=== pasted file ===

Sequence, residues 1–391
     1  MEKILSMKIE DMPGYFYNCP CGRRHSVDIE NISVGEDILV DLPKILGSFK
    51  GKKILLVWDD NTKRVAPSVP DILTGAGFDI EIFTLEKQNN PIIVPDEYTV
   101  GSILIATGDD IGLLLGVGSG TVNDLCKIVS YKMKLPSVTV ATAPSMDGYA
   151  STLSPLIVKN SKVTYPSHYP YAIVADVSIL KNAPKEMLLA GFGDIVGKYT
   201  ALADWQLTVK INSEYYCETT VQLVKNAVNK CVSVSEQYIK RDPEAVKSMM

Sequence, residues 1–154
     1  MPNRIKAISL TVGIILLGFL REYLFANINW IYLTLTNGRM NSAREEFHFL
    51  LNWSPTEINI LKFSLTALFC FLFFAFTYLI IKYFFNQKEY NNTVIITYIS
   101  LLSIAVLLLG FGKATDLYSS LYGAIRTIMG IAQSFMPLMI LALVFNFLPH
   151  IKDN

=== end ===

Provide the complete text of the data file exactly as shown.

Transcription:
Sequence, residues 1–391
     1  MEKILSMKIE DMPGYFYNCP CGRRHSVDIE NISVGEDILV DLPKILGSFK
    51  GKKILLVWDD NTKRVAPSVP DILTGAGFDI EIFTLEKQNN PIIVPDEYTV
   101  GSILIATGDD IGLLLGVGSG TVNDLCKIVS YKMKLPSVTV ATAPSMDGYA
   151  STLSPLIVKN SKVTYPSHYP YAIVADVSIL KNAPKEMLLA GFGDIVGKYT
   201  ALADWQLTVK INSEYYCETT VQLVKNAVNK CVSVSEQYIK RDPEAVKSMM

Sequence, residues 1–154
     1  MPNRIKAISL TVGIILLGFL REYLFANINW IYLTLTNGRM NSAREEFHFL
    51  LNWSPTEINI LKFSLTALFC FLFFAFTYLI IKYFFNQKEY NNTVIITYIS
   101  LLSIAVLLLG FGKATDLYSS LYGAIRTIMG IAQSFMPLMI LALVFNFLPH
   151  IKDN